All Hail The Checkout Girl

When Anna Sam graduated from college, she entered the working world as a woman with a passion for literature and a desire to obtain a job in publishing. But that dream didn't quite work out.

Sam, unable to land a publishing job, returned to the supermarket where she'd worked as a checkout girl during her time as a student, using her part-time wages to help finance her education. The job was difficult on many levels: "There are a lot of health problems in this job - tendonitis, lumbago, that sort of thing," Sam says, "There is a lot of depression as well because you're completely ignored by everyone: by your managers and by the customers. After a while you become convinced that you're less than nothing."

Sam was faced with nasty customers on a daily basis, who treated her poorly due to her position. Upon greeting families at her register, Sam recalls, parents would warn their children, "If you don't work hard at school, you'll end up like that lady," apparently unaware that Sam was, indeed, an excellent student who simply chose to work the job because it was the only one available. "There are an awful lot of people like me," Sam says, "They have studied hard, got a degree and found that it leads to the jobs no one wants."

Sam decided to give a voice to checkout girls by sharing her experiences on a blog, which has since received over one million visits and spawned a book, Les Tribulations d'une Caissière (The Tribulations of a Checkout Girl), which has sold 100,000 copies in France. A film version, musical, and even a comic strip are also in the works.

As someone who also worked as a checkout girl for a year to earn tuition money, I sympathize with Sam's story and applaud her efforts to bring public attention to the way people treat those who work at supermarkets. I worked in a small, craptacular supermarket outside of Boston during my senior year, putting in nights and weekends in an itchy polyester apron and scanning cans and boxes along a slightly dirty conveyor belt. It was one of the best jobs I've ever had, in terms of giving me a better insight into human nature; people consistently treated me like I was stupid, talking very slowly and loudly as if I couldn't understand what they were saying. They took out their frustrations on me, and I left every night feeling like a complete piece of crap, sniffed at and sneered upon by people who apparently felt like they had the right to yell at me because their cereal wasn't on sale this week, as it had been two weeks prior.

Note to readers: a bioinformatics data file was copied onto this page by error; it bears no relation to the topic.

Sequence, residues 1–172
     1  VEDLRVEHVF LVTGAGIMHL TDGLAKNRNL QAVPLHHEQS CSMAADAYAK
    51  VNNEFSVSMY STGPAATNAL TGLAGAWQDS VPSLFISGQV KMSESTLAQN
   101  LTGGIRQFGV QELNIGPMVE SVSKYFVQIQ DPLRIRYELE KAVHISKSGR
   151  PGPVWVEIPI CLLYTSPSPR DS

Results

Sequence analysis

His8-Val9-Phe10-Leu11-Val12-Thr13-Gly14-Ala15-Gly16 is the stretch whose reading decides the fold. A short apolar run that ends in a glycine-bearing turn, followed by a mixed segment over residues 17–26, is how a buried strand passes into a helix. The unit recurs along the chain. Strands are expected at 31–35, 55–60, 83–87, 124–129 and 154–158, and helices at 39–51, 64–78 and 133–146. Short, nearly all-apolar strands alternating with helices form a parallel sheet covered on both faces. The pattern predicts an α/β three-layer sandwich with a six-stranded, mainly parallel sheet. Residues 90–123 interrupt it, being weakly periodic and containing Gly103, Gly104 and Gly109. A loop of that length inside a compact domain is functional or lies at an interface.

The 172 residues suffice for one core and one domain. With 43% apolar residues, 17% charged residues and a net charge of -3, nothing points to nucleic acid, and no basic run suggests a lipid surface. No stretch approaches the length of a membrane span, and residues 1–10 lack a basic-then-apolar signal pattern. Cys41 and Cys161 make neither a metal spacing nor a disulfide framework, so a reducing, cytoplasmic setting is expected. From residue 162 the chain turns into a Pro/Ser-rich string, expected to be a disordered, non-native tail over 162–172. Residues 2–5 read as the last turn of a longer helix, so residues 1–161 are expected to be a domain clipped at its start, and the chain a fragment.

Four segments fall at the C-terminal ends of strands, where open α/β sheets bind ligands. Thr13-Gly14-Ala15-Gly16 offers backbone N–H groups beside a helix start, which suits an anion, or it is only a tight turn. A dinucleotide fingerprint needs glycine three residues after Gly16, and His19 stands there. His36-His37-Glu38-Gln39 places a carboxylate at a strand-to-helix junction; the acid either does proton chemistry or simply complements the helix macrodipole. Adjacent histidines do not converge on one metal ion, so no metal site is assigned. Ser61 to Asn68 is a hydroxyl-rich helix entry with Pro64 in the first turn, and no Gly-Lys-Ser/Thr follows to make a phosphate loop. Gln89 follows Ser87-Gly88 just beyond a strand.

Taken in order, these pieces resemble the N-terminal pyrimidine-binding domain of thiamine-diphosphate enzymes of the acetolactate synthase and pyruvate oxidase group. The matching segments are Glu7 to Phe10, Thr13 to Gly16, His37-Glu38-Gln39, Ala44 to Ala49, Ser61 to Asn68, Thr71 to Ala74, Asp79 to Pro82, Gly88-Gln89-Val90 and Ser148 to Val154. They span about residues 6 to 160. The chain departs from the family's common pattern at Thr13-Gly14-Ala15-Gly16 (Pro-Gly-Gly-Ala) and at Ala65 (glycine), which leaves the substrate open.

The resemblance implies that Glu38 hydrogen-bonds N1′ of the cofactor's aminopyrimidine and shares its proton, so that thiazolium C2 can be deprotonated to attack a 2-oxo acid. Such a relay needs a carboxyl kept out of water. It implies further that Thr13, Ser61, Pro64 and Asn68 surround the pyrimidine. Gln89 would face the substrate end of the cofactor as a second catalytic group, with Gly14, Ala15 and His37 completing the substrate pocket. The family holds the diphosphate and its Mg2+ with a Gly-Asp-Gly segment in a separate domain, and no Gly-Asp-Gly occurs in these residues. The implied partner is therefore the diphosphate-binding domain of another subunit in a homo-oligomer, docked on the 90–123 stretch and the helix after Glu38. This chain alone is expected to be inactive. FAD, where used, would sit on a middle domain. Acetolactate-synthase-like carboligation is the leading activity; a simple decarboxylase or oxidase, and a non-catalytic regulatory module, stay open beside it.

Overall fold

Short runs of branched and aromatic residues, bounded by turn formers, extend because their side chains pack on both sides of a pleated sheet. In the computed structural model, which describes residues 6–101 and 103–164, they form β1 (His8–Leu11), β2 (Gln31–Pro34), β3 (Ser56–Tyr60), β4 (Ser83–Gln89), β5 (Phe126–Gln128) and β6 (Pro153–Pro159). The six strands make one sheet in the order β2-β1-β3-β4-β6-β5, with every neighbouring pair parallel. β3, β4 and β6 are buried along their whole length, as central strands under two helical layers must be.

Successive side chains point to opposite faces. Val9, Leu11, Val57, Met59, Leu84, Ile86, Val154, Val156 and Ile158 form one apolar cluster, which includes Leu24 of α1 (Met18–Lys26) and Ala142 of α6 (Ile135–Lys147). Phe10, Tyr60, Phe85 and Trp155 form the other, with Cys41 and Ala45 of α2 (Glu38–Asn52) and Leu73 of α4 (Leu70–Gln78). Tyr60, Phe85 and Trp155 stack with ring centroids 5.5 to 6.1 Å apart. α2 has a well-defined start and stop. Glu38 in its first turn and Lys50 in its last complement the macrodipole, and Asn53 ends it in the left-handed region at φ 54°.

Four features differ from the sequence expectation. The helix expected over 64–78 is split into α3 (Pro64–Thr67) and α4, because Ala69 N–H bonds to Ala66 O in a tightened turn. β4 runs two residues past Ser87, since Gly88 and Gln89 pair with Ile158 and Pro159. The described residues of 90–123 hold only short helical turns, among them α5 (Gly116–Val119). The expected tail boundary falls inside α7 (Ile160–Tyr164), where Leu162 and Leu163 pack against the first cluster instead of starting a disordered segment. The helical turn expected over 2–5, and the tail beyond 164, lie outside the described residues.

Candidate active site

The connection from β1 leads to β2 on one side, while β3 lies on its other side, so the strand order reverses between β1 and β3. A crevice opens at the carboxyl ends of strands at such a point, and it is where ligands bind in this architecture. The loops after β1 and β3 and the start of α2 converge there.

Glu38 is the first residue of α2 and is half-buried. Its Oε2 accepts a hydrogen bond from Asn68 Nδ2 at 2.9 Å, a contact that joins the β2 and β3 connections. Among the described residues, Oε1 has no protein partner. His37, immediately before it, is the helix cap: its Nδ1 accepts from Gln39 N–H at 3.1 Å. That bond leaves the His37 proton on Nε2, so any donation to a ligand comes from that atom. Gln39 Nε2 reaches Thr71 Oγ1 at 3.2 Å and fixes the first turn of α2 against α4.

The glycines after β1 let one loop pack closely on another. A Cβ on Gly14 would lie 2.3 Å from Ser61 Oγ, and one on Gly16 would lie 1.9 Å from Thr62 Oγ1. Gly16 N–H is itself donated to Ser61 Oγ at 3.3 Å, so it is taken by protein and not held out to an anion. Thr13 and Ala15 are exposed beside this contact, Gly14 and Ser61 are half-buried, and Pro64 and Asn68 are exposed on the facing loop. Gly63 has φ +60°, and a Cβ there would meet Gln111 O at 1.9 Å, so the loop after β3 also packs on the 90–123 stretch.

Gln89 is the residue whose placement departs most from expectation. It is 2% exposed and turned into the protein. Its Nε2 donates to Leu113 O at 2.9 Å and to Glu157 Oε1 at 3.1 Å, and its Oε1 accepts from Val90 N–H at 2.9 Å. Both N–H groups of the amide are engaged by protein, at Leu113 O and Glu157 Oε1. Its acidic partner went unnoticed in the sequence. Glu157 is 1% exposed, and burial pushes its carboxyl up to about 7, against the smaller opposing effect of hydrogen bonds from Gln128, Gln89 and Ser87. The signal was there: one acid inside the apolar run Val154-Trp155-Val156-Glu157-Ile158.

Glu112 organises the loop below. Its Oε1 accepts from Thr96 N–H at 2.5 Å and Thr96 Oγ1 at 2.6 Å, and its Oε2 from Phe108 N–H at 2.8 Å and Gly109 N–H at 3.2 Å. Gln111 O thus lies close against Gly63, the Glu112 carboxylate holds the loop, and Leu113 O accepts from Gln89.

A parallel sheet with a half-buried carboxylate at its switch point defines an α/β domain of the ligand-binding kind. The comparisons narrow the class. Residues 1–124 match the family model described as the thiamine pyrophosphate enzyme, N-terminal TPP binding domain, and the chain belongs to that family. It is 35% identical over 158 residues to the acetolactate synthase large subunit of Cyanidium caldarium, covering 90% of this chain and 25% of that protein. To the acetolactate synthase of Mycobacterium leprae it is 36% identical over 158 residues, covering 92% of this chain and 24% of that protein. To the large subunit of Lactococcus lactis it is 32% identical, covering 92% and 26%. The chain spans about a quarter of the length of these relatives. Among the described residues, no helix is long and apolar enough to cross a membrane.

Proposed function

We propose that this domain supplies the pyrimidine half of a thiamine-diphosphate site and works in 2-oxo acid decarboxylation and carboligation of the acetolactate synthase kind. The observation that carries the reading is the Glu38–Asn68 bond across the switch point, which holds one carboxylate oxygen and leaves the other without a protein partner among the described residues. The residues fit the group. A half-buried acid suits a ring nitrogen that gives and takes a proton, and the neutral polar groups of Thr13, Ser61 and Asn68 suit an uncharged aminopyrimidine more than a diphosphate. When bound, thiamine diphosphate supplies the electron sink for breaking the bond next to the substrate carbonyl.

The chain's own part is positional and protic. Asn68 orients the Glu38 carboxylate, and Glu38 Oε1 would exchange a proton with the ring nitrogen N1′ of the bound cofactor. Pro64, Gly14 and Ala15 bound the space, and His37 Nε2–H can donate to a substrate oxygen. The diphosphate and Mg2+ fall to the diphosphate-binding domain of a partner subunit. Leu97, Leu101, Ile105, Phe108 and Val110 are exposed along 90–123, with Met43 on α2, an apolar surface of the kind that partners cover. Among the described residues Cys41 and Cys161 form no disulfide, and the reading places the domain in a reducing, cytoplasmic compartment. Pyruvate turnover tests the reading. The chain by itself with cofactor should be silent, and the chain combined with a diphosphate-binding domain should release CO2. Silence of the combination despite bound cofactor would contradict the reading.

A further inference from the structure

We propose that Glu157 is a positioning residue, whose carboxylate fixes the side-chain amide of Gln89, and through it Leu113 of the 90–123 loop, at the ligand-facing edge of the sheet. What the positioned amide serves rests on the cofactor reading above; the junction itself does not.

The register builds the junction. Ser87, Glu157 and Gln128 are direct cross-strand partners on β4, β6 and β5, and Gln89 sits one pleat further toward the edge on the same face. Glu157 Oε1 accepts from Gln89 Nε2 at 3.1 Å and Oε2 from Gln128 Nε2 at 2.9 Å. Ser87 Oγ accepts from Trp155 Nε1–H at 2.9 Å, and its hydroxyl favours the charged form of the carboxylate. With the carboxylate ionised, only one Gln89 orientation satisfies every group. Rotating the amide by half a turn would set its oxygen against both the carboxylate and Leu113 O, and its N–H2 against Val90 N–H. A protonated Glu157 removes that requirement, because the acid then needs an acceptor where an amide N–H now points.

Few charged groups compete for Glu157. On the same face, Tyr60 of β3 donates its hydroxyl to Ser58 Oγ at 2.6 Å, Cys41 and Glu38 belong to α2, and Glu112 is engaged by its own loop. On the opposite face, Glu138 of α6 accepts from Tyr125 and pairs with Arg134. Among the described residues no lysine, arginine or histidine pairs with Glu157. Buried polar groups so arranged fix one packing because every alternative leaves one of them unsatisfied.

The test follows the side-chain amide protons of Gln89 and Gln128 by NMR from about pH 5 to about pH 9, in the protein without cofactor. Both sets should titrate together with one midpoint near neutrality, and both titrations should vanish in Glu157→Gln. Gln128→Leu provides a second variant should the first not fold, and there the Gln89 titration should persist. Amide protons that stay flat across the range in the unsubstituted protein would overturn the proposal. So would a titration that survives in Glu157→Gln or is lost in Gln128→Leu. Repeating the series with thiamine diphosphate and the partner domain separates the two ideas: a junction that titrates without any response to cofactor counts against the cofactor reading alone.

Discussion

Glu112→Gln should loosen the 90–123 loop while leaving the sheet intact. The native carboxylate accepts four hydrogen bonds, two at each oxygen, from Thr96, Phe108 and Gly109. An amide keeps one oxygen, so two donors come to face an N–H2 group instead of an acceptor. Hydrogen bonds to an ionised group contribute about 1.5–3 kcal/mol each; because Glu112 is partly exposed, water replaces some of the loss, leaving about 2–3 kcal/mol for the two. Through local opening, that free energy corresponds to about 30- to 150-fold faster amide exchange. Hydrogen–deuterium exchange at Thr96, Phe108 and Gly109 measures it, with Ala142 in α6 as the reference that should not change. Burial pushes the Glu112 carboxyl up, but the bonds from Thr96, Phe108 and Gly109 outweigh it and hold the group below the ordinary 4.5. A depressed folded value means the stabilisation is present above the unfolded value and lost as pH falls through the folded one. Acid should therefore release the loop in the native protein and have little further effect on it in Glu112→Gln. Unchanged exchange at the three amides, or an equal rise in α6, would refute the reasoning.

There are many difficult aspects to being a checkout girl that people probably don't realize; there is a lot of loneliness, stress, sadness, and frustration that comes through the lines, such as seeing an elderly man pay for 15 frozen .50 burritos with handfuls of warm change; having to tell a young mother with three sweet-faced children that WIC doesn't cover a specific cereal or type of juice and seeing her face fall as she realizes she has to put things back, and watching people wince as the totals add up on the computer screen. You can feel the stress of your customers; you get a sense of who they are by the items they continually buy, you can tell when your regulars are struggling when their orders go down or when they begin to switch from fancy brands to generics.

There were times when I felt compelled to mention that I was saving up for grad school, as if I had to make it known that I was better than this stupid job, but that always made me feel worse; the job wasn't stupid at all, my attitude towards it was, and was just as bad as those who were judging me from the other side of the aisle. After a while I just realized that the job was a stepping stone in where I wanted to go; the money would be put to good use and was worth the effort. And the lessons I learned there will stay with me longer than any I picked up in school. Kindness goes a very long way.

Sam hopes her success will open people's eyes to the way they treat checkout workers: "I'd like to think that I could help to change the way people look at checkout workers," she says, "It would be a start if they were just a little more polite to them." It would indeed.

The Checkout Girl, Abused, Ignored, And On A Till Near You [Times of London]